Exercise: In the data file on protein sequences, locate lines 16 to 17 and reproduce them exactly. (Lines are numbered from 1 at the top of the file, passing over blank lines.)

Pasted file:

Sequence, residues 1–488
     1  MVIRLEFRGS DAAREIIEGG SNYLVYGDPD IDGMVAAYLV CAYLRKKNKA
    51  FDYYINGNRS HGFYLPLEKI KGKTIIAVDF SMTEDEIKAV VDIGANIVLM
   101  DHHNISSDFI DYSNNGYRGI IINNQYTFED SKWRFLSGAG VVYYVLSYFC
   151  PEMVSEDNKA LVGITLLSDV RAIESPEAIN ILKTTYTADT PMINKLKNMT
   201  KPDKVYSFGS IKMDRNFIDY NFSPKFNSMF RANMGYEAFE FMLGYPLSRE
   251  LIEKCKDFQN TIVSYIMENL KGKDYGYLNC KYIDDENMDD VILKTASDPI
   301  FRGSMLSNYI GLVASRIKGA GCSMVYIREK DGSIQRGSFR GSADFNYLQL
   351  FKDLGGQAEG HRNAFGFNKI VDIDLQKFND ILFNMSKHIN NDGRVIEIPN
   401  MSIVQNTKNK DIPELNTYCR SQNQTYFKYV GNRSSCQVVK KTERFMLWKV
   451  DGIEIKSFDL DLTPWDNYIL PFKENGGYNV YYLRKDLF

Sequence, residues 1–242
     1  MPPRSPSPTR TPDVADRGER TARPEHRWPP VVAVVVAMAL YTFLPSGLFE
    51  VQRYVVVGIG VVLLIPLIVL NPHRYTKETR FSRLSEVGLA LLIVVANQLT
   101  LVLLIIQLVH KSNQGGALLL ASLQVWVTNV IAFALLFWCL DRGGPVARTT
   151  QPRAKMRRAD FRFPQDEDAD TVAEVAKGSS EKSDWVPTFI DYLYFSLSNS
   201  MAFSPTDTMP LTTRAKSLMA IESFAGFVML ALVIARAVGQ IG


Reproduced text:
   151  QPRAKMRRAD FRFPQDEDAD TVAEVAKGSS EKSDWVPTFI DYLYFSLSNS
   201  MAFSPTDTMP LTTRAKSLMA IESFAGFVML ALVIARAVGQ IG